Last night around 3 am, I woke up due to pain in my upper chest. The pain was a weight pressing down on me. I didn’t know what was causing it, so there was also a little panic. I was sweating and my heart started beating faster. I thought about trying to just go back to sleep but realized the pain was too strong and my worry too present. I got out of bed, put on warmer clothing, grabbed a book, and went downstairs to sit in the recliner in the living room.
But I didn’t feel like turning on the light. I was too tired. So I just focused on breathing into my chest. I felt my body expand as I inhaled, and relax, settle down, as I exhaled. I focused on the sensations and let go of the thoughts.
And when I breathed in, the expansion of the chest decreased the pain. The pain was no longer one solid block. And I noticed it was not as continuous as I first thought it was; there were gaps. Sometimes, my hand would hurt instead. Or I could feel my back pressing comfortably against the chair, or my stomach expand and contract. My breathing got slower and calmer.
I went deeper into the pain and remembered similar ones from the past. I realized I could feel a restriction in my esophagus. It was not a heart attack causing the pain but probably acid reflux.
And then I fell asleep. But the sleep was unusual, and in spurts. I would wake up mentally, check in on myself, while my body was largely frozen and asleep. I couldn’t move my arms or legs. At first, I felt very vulnerable and scared, but then realized this inability to move was normal. Normal sleep is called paradoxical because you are unable to move your larger muscles, yet your mind, especially while dreaming, can be very active.
What was not normal was that I was mentally awake while being asleep. I could see one of our cats sleeping under the nightlight in front of me. Another one jumped off the couch and went to eat from his bowl. I could hear him but couldn’t move my head to see him. This state is called lucid dreaming. In some cultures and traditions, it is taught as part of meditation or healing. I entered this state rarely⎼ usually to change or escape from a dream I didn’t like. I decided I could wake up if I needed to do so.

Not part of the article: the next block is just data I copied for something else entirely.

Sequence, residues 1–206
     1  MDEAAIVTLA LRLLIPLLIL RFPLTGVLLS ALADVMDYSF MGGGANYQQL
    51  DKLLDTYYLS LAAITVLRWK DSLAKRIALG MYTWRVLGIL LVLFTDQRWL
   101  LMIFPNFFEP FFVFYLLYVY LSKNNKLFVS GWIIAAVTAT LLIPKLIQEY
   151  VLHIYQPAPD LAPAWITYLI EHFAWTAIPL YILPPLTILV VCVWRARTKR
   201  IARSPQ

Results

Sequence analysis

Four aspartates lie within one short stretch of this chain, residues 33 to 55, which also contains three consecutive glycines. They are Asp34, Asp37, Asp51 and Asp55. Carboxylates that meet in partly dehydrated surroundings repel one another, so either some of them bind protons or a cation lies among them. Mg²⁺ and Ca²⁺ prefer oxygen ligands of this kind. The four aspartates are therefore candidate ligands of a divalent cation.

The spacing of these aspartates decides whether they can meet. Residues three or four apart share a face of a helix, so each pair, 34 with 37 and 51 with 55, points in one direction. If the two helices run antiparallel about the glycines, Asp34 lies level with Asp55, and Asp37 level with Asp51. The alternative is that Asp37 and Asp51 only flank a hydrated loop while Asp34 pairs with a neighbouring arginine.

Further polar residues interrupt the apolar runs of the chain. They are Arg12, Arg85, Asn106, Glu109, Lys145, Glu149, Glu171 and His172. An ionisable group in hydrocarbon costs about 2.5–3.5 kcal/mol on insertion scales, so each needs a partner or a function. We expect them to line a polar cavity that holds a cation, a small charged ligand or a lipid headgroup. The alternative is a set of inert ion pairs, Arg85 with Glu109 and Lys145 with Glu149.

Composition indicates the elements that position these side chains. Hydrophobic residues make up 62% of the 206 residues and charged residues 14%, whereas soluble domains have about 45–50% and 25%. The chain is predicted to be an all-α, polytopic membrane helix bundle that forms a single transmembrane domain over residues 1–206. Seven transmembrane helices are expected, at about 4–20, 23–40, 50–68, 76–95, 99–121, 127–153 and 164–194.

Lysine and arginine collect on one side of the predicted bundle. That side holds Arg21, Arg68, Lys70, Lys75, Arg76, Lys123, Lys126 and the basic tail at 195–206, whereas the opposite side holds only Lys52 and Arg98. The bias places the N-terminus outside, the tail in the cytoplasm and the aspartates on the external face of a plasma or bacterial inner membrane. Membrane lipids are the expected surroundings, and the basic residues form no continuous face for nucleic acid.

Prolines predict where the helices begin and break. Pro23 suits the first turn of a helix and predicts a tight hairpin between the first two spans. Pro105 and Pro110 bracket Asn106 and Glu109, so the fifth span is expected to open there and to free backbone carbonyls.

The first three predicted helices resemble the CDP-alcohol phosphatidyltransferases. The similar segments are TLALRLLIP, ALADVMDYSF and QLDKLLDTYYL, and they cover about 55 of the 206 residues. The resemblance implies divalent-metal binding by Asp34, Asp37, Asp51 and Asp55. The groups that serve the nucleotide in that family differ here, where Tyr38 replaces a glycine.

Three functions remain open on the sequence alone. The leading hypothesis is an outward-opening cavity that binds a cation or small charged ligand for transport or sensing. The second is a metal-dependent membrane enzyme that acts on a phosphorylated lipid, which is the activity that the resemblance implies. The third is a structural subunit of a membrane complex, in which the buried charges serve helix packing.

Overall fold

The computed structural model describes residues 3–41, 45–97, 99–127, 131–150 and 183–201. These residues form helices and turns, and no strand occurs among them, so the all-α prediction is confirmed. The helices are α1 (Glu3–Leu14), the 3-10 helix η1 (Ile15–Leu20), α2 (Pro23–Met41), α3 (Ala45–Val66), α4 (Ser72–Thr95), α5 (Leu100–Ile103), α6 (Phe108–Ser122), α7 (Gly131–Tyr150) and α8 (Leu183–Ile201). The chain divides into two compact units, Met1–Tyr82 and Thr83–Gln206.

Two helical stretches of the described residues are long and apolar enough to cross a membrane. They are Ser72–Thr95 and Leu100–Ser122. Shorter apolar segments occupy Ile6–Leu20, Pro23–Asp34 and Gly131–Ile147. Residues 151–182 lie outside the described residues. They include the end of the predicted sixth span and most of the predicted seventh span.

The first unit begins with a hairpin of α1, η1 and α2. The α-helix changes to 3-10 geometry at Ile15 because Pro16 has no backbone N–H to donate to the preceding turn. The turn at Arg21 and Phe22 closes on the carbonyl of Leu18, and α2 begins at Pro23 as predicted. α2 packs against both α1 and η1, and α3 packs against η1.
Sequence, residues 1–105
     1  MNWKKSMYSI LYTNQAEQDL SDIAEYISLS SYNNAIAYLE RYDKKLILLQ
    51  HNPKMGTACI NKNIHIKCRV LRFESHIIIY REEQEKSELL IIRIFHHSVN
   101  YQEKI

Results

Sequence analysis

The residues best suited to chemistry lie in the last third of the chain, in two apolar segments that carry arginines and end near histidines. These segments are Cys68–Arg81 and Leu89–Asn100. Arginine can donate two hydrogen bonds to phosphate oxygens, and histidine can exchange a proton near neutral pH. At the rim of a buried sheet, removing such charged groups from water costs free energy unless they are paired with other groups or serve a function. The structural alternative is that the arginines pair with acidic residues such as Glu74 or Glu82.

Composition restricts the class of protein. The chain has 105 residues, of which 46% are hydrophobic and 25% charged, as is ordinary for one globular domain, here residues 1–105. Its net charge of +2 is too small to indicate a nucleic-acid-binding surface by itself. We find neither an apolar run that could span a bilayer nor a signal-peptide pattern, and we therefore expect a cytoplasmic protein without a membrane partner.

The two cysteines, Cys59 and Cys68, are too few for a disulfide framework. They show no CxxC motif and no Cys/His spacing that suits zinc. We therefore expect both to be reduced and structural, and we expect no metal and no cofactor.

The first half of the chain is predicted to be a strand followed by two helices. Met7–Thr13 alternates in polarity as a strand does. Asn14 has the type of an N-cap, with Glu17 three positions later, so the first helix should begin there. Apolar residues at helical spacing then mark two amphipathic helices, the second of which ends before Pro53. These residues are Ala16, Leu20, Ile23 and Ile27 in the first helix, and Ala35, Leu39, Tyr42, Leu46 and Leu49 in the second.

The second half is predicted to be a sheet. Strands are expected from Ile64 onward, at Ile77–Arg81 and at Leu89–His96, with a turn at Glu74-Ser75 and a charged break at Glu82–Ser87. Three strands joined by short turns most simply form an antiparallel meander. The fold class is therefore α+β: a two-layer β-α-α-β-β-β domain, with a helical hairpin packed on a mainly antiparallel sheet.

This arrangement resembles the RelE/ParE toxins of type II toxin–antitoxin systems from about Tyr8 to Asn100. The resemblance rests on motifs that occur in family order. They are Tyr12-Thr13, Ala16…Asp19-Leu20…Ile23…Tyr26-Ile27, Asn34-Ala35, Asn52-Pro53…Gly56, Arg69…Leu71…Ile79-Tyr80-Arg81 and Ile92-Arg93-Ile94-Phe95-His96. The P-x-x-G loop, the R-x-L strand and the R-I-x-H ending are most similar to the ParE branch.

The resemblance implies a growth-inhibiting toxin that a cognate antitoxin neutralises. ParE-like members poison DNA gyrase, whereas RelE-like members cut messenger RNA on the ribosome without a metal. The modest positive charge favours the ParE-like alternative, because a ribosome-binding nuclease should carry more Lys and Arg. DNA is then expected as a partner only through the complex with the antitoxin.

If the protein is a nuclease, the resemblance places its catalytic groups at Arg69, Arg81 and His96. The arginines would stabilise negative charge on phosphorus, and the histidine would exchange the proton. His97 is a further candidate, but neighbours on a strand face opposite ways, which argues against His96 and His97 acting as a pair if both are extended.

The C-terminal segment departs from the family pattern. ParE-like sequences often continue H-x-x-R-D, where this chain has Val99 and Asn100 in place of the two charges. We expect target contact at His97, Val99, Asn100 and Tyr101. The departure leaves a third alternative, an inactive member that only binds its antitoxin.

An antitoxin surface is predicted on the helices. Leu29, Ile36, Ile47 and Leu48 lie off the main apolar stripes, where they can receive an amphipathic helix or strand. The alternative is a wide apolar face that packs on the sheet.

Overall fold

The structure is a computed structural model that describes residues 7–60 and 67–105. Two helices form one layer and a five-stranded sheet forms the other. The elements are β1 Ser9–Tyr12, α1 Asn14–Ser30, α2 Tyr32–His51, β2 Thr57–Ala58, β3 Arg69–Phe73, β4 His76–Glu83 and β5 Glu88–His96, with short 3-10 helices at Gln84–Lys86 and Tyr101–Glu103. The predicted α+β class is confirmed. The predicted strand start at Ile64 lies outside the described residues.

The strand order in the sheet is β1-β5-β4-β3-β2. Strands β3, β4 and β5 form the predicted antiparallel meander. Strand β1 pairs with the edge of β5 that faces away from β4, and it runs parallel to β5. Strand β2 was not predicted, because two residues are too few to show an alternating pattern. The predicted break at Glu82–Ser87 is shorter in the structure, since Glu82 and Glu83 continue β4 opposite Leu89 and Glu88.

And then I relaxed and fell asleep again, only to awaken a little later. And then I fell asleep for about three hours.
It might seem counter-intuitive to mentally go toward a pain instead of trying to immediately cut off all feeling. Certainly, pain can set the mind to screaming, so this is sometimes impossible to do. But to actually go toward the pain can signal to yourself you can relax, you can face the situation, and this can often decrease it and stop the mind from imagining threats that aren’t there.
Calming your mind can also allow you to feel and think clearly enough to gather the information the pain is sending you. You can then close your eyes and imagine taking a certain medication and discern if the feel of that pill would be helpful, or if drinking a certain tea or walking around or eating would increase or decrease it. Or whether you should call an ambulance or ask your partner or roommate to wake up and drive you to the emergency room. You could feel out different courses of action with more clarity.
However, the time to practice how to be calm in emergencies is now, when you are not experiencing one. Practicing closing your eyes partly or fully and taking 3 slower, deeper breaths when you notice you are angry or feel threatened is a good way to start. Or practicing mindfulness each day.
Of course, sometimes you immediately need that pill or ambulance. But how you respond to pain can either increase or decrease it. Simply allowing yourself to be aware and to be calm can not only reduce the pain, but clear the mind so you know better how to act.
This blog post was syndicated by the Good Men Project.